The Stone Lab Algal & Water Quality Lab, which opened in 2013, allows researchers to identify plankton, measure chlorophyll content and cyanobacteria toxins, analyze organic and inorganic suspended solids, and test for nutrients such as phosphorus and nitrogen.
These tests enable scientists to tackle the issue of harmful algal blooms in Lake Erie better than ever before.
A new buoy donated by Fondriest Environmental and upgraded with additional equipment through grant funding helps Stone Lab staff monitor water conditions, including harmful algal blooms, in Lake Erie’s western basin.
Analytical Equipment Available
The new water quality laboratory offers lake researchers the ability to analyze water samples for nutrient concentration, algal biomass, and cyanobacterial toxins. The growth chamber provides researchers the ability for controlled environment conditions for algal growth experiments. The lab is stocked with glassware, balances, filtering manifolds, and pipettes. Deionized water is available at most sinks. Freezer space (-20°C and -80°C ) is available.
- Barnstead Nanopure Water
- SEAL 5-Channel Nutrient Analyzer
- Geneva Growth Chamber
- Eppendorf Refrigerated Centrifuge
- Thermo Sci Drying Oven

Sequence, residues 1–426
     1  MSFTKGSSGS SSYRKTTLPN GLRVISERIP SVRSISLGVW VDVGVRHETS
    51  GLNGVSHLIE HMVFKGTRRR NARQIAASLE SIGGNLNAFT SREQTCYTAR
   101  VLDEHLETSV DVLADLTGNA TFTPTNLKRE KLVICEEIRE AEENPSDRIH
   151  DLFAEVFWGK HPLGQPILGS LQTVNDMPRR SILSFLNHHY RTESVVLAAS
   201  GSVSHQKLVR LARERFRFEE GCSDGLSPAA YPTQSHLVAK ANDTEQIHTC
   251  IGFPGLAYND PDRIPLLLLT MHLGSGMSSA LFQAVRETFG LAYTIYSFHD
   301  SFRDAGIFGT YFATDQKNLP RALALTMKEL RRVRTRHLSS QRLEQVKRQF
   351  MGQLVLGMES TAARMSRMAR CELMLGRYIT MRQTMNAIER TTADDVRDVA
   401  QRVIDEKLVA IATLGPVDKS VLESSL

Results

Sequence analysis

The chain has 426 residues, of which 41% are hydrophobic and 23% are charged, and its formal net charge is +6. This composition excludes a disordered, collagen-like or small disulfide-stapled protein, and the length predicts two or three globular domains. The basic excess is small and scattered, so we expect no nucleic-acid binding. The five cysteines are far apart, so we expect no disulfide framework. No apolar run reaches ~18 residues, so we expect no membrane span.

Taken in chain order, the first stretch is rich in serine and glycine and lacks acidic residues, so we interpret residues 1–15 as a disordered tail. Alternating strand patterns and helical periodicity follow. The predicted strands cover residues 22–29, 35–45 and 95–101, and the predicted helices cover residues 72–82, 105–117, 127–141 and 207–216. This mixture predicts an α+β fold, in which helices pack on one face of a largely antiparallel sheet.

- Thermo Sci Muffle Furance
- Fisher Sci Sonicator
- BioTek 96-well Plate Reader
- Shimadzu UV-Vis Spectrophotometer
- NAPCO Benchtop Autoclave
- Refrigerator & Freezers (-80°C)
- Adventure Analytical Balance
- Pipettes 0.2 µL to 10,000 µL
- Filter funnels and manifolds
- Vacuum pumps
- Mettler Toledo pH meter
- Stirring hot plate
- Hot water bath
- Beakers, flasks, and cylinders
- General lab supplies
Charter Boat Captains Help Monitor Lake Erie Water Quality
Water samples were collected by charter boat captains and aboard Stone Lab science cruises using a surface-to-2-meter intergraded tube sampler. Samples were analyzed for chlorophyll a (an indicator of algae biomass), microcystin (the toxin produced by cyanobacteria), total phosphorus and nitrogen (indicators of maximum biomass potential), dissolved nitrate, phosphate, and silicate (nutrients available for algae), and total suspended solids (mass of all particulates in the water). The captains record GPS location, water temperature, and Secchi disk depth (indicator of water clarity). The project has been sponsored by Ohio EPA Environmental Education Fund and Surface Water Improvement Fund.